The layered transitions from the upper to lower parts evoke the way in which traditional Chinese landscape paintings interpose stretches of empty space between earth and sky. Such empty space was a highly useful device for the Chinese literati painters; as Wang Wei noted in his On Painting,“The eye is limited in scope,and what it sees cannot cover all. Thus using one small brush,I sketch the infinite vacuum,and with the clear vision of my tiny pupils,I paint a large shape.” While a landscape painting includes all of what the artist hopes to convey,it cannot include all that the eye surveys. Zao therefore makes use of narrow regions of empty space at the top and bottom borders to represent sky and earth; the gradations from darker brown tones to lighter ones,with the artist’s ability to suggest boundless space,seem to extend endlessly outward. Da Chongguang,in A Fishnet for Paintings,wrote,“Where the mountains are thick,there is depth; where the waters are still,there will be movement. In the shade of the forest,there is nowhere to apply your mind,and in the clear light beyond the mountains,what is there that the brush can paint? Emptiness is of course difficult to paint,but if you paint your solid forms clearly,then empty spaces will appear; spirit cannot be painted,but if your physical scene is convincing enough,the spiritual aspect too will emerge.” Thus,a painted scene and the feelings it generates are dependent on each other,like solid forms and empty space.
In 24.10.68,while thick,saturated blocks of colour add weight to the pictorial space,more thinly applied tones in other areas symbolize the empty spaces between sky and earth,preventing the painting’s atmosphere from becoming too oppressive or closed in. In traditional Chinese landscapes,we often see range upon range of mountains,with distant peaks in the mist,and the ancients had a saying,that “what is complex must not seem heavy,and what is dense must not seem closed in.”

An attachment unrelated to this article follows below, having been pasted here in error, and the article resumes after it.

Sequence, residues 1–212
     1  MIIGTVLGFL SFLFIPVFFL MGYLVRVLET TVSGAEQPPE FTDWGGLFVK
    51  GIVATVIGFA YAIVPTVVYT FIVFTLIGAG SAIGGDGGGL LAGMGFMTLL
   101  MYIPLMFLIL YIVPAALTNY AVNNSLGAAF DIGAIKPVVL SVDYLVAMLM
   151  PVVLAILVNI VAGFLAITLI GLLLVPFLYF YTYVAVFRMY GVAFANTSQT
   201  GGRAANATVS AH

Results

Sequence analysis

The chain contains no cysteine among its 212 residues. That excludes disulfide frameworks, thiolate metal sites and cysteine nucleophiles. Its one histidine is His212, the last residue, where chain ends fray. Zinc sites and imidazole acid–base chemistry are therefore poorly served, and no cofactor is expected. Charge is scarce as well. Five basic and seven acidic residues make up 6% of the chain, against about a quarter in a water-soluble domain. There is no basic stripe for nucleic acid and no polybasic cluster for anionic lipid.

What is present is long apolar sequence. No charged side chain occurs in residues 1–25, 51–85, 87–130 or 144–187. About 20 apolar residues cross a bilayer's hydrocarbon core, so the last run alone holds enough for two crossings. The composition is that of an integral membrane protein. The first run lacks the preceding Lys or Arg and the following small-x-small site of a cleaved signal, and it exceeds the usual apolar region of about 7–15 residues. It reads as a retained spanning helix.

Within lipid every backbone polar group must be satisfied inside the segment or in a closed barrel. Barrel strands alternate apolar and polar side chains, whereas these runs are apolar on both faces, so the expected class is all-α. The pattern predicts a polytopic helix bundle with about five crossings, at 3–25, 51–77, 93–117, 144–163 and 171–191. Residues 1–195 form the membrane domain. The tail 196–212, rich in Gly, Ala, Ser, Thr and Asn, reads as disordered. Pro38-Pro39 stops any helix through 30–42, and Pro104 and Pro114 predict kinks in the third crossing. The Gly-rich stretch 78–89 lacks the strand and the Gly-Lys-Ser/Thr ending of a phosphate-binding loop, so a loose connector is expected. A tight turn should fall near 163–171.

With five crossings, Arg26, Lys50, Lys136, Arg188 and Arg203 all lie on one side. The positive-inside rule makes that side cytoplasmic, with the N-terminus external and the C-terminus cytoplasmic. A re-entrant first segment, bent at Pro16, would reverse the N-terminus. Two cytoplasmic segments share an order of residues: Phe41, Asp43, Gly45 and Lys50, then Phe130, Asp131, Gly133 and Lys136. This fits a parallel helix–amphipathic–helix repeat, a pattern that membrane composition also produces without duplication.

The deep brown tone of 24.10.68 at times give way to layers of light gold or olive green,while traces of the splattering,flowing,and settling of Zao’s diluted pigments engender a sense of time’s passage. The exposition of this landscape-like scene,and the light that threads through it,became the artist’s means of presenting his perception of nature as a whole. In A Self-Portrait of Zao Wou-Ki,he wrote,“but then I thought of China’s ancient painters,and how they delved deeply into nature with their feelings—not just seeing its surface in some vague,casual way,but penetrating deep into its spirit,and possessing it.” Song dynasty artists sought to depict vast spaces within a small visual frame,and never adopted the kind of fixed,single-point perspective with which Western painters depicted spatial realism. Instead,they sought to express the overall sense of a natural scene; the change in the seasons; the passage of time from sunrise to sunset; or the change we experience as our gaze shifts from nearby spaces to distant ones,or from level to downward-looking perspectives. Then,as their brushstrokes spread or converge,as they laid out their compositions,they attempted to meld personal feeling and perception with the natural scene of the landscape. Zao Wou-Ki,calling upon artistic vocabulary and visual forms uniquely his own,became the inheritor of this millennia-old Chinese landscape painting tradition and its inner spirit. 24.10.68 embodies this new stage of innovation,conceptually and formally,by Zao Wou-Ki. During this period,Zao fused cultural outlook and formal elements,borrowing from both China and the West,and from tradition and modernity,to produce a singular new artistic language.